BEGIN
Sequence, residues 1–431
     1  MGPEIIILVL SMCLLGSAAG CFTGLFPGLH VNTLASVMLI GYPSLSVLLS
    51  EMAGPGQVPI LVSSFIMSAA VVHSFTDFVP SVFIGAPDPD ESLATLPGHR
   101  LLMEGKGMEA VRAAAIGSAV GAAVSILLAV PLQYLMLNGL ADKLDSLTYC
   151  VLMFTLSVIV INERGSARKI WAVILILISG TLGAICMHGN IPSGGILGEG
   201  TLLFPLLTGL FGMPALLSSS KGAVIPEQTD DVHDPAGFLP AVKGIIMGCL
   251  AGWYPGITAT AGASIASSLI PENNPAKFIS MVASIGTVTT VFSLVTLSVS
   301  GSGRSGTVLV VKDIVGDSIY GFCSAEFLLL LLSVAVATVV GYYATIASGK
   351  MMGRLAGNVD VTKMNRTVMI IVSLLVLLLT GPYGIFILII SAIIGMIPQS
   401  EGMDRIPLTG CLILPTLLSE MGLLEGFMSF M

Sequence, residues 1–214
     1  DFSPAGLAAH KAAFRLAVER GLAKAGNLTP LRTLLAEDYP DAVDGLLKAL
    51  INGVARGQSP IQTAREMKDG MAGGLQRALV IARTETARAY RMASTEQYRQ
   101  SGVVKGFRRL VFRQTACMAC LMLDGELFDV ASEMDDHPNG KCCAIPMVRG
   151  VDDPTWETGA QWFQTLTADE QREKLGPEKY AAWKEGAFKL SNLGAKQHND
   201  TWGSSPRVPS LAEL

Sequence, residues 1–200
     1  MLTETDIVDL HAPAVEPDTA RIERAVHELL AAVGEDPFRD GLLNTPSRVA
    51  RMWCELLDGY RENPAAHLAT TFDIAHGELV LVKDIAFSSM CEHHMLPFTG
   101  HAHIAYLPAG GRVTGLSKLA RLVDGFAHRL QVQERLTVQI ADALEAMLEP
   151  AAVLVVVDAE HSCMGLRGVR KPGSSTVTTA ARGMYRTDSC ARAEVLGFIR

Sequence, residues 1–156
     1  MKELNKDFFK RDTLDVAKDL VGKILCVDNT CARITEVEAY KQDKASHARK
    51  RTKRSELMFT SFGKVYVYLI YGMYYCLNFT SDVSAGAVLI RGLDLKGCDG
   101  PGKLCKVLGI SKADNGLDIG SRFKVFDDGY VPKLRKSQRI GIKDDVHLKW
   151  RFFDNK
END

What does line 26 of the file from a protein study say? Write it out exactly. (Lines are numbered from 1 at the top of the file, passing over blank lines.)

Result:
   151  RFFDNK